A major contribution to the appropriation of the park, was the involvement of women in the production of special design elements in the park that provide its contextual identity. It all began with the weaving of traditional shade structures, guided by a very active woman of the community who taught this ancient technique to the other Jordanian and Syrian women. Later, a training in mosaic laying was added that sparked off creativity and provided the colour needed for a park in a desert environment. The appearance of the park thus is strongly shaped by the women’s work. The knowledge introducing the crafts was passed on to other groups of women who joined the project later and thus created momentum in the village of Qwierah. The women were not only able to earn money which they need to support their families and were economically empowered but were also empowered to create access to the labour market, and most importantly to gain self-esteem and to some extent responsibility for their own actions.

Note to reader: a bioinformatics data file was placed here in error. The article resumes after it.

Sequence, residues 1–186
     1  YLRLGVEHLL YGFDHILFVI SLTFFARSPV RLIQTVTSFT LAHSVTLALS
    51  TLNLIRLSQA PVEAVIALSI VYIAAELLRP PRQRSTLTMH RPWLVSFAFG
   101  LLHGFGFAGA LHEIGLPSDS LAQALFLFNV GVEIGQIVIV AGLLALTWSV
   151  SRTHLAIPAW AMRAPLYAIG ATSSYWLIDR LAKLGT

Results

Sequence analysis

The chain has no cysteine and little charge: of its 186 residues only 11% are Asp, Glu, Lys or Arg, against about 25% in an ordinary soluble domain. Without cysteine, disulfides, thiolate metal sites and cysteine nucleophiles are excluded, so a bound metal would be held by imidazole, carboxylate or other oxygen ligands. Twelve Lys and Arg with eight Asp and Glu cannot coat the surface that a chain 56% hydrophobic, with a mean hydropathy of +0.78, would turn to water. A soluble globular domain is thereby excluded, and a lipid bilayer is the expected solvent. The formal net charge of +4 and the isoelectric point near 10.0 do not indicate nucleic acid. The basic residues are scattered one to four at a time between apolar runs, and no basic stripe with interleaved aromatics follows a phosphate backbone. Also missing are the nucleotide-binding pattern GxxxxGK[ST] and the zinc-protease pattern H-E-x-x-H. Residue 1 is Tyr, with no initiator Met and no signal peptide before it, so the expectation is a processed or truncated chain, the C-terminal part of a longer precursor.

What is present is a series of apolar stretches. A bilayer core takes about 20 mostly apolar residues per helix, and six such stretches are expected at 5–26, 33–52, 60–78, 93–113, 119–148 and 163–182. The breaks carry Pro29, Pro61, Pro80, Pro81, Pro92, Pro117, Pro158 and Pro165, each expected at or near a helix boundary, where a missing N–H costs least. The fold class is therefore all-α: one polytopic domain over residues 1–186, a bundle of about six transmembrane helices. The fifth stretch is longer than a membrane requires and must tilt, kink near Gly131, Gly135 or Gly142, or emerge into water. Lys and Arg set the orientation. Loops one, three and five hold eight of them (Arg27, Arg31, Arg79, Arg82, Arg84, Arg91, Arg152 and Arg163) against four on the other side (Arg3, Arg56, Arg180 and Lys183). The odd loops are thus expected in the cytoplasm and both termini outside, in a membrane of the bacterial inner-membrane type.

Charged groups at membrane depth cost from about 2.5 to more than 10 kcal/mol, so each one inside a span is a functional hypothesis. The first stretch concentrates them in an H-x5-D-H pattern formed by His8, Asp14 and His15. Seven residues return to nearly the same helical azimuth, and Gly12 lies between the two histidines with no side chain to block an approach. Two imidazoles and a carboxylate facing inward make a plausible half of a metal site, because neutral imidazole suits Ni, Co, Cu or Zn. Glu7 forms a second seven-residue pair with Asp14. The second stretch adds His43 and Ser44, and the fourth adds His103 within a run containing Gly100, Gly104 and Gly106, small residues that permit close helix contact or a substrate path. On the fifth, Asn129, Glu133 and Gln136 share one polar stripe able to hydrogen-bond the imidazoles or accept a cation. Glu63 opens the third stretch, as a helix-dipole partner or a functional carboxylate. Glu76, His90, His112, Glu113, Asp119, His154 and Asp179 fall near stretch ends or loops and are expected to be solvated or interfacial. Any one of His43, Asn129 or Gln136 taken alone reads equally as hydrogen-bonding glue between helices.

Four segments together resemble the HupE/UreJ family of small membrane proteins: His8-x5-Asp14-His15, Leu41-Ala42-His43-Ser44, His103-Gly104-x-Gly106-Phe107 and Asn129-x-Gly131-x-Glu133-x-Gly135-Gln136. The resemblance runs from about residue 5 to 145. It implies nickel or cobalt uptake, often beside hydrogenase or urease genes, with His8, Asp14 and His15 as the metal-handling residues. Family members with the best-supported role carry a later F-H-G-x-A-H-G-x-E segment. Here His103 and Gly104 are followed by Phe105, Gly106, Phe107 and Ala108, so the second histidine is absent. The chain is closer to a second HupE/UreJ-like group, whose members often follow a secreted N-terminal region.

By now, the women have officially formed the maintenance committee for the park in collaboration with the municipality. The mayor, as well as the tribal leaders of the community, fully accepted the set up and are actively supporting the women’s initiative. In addition, the park is always clean, and all its planted trees have survived despite the hot climate. The park is a non-smoking place and is heavily used and appropriated by the women and their children alike.
The project is a great success in the promotion of equal access to public space. At the same time, it plays an important role in terms of participation of women in the decision-making process of the community. It was their initiative to form a group and help with maintenance. Maintenance plans that further involve the women are currently developed together with the municipality to ensure the positive attitude towards the park. 44% of the cash workers in Qweirah until now are women exceeding by far the number aspired by the project (20%). Now the park is jointly run by the women’s committee and the municipality which reflects the respect and trust that women gained during the process from the mayor, the municipality, and the tribal leaders.